5. Mr Sharp had not contributed more to the home life ( the courts do not distinguish between the breadwinner and the homemaker).

The Court of Appeal did state, that a departure from equality would only be justified in a small number of cases.

However the message is clear that couples who divorce after a short marriage can no longer expect to have martial assets divided equally, especially where there are no children and finances have been kept separate.

If the facts had been reversed and Mr Sharp had received the bonuses, would the court have reached a different conclusion about the division of the assets?

If you would like to find out more information about the issues raised above, please contact Susan Taylor. 0161 883 0460 or email

An error in the Form E

16 December 2015, by Taylor King Family Law Solicitors

A fault in the Form E, the form used to collate parties’ financial information, has been spotted earlier this month by a family law specialist in Ascot, Berkshire. The error was in the calculation of assets on the summary page and has the software has been miscalculating assets since April 2014. The totals on that page failed to deduct any liabilities from the total therefore potentially overinflating the value of a spouse’s assets.
Approximately 20,000 forms were downloaded in the 20 month period the software was producing inaccurate calculations; however, not all of them will have been used to work out the division of assets.
Not all divorcing couples use the automatic calculator on the form, preferring instead to print out the form and fill it in by hand. At Taylor King, we use software that generates the form rather than downloading the one available of the Ministry of Justice website.
Judgments may have been handed down by the family courts founded on erroneous information.

An HMCTS spokesperson said: “We are urgently investigating this issue. Officials are taking steps to identify rapidly cases where this regrettable error may have had an impact, and we will be writing to anyone affected as soon as possible. Anyone concerned about their own court proceedings should”

Guide to sorting your finances on divorce

05 November 2015, by Taylor King Family Law Solicitors

The Ministry of Justice has published a guide, entitled Sorting out your finances when you get divorce.
It is aimed not only at the couple divorcing but also their family and friends. It is hoped the guide will assist couples understand the approach taken by the Family Courts, resolve their finances and reach agreement as quickly as possible.

It will be especially useful to litigants in persons who cannot afford legal representation.

The guide can be found here:

Sharland v Gohil

06 October 2015, by Taylor King Family Law Solicitors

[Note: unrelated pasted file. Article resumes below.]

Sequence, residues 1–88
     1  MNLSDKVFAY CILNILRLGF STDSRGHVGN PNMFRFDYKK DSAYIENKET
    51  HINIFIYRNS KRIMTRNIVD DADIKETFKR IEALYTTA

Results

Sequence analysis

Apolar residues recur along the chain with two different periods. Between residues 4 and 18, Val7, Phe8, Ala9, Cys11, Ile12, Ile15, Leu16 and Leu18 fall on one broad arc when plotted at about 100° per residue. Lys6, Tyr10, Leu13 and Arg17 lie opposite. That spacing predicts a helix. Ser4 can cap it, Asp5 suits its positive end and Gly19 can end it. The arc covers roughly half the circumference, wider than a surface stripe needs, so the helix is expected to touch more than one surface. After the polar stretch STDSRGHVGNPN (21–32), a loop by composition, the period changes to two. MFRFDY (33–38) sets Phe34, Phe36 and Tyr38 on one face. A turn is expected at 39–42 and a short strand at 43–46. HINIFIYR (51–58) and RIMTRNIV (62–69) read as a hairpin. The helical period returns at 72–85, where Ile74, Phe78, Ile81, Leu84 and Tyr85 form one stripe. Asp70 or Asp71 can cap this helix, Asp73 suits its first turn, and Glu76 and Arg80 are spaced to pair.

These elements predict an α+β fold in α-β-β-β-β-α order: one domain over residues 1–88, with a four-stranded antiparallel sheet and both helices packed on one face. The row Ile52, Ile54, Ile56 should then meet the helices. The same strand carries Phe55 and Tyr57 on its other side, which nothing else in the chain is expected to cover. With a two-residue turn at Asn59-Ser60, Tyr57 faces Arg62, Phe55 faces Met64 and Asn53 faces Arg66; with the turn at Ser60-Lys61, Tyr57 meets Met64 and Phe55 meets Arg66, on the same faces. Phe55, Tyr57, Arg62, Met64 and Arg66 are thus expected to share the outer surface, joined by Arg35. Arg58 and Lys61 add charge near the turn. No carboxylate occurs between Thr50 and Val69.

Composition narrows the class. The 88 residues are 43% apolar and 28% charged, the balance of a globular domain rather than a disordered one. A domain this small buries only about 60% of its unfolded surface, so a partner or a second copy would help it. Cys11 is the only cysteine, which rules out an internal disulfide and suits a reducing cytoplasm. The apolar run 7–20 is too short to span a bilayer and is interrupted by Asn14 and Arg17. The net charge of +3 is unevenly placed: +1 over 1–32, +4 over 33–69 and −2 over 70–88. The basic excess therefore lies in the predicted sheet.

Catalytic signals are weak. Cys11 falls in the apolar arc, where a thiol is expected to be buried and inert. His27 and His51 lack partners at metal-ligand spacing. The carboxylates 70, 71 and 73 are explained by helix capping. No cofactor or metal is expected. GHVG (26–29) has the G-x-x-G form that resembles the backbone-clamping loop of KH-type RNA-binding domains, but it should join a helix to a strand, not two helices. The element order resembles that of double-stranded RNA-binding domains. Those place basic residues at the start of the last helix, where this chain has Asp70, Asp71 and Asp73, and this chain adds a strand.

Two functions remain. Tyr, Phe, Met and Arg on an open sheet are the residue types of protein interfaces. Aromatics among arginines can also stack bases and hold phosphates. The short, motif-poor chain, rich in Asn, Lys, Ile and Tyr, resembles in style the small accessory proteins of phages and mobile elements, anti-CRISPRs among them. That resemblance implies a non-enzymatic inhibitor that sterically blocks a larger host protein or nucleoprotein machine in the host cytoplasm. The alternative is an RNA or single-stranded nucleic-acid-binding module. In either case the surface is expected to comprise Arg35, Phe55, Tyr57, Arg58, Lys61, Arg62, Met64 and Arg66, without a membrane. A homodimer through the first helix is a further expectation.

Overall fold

In the case of Sharland, Mrs Sharland’s appeal centred on the impact of fraudulent non-disclosure. The valuation of Mr Sharland’s shareholding in his software business and its distribution between the parties was the main area of dispute. After a valuation on the basis that the company was not going to be floated on the stock market Mrs Sharland was to receive 30% of the net sale proceeds, whenever it was sold, together with other assets.
After the consent order was drawn up Mrs Sharland became aware, through the press, that Mr Sharland’s company was being prepared for an initial public offering and a substantially higher figure that it had been valued within the financial remedy proceedings.

The Court of Appeal upheld the judge’s refusal to set aside the consent order as he would not have made a substantially different order. The Supreme Court have now allowed the appeal and returned the case to the High Court.

In the case of Gohil, the consent order was agreed despite Mrs Gohil’s belief that there had not been full disclosure. She applied to set aside the order on the basis that Mr Gohil had failed to disclose all his assets. The court found that there had been material non-disclosure by Mr Gohil and that if there had been full disclosure a different order would have been made.

There is a now, therefore, a much stronger emphasis on the requirement to provide full and drank disclosure throughout the proceedings.

The two judgments addressed how a case should be reopened if material non-disclosure is identified:

1. A fresh action to set aside the order;

2. An appeal against the order; or

3. An application to a first instance judge in the matrimonial proceedings.

Permission is required for an appeal but not the other two and an appeal may not be the most appropriate venue for hearing new evidence and resolving factual issues that may often arise.

A Family Procedure Rules committee working party is currently considering whether the Family Procedure Rules or a Practice Direction should specify criteria for choosing between the different applications.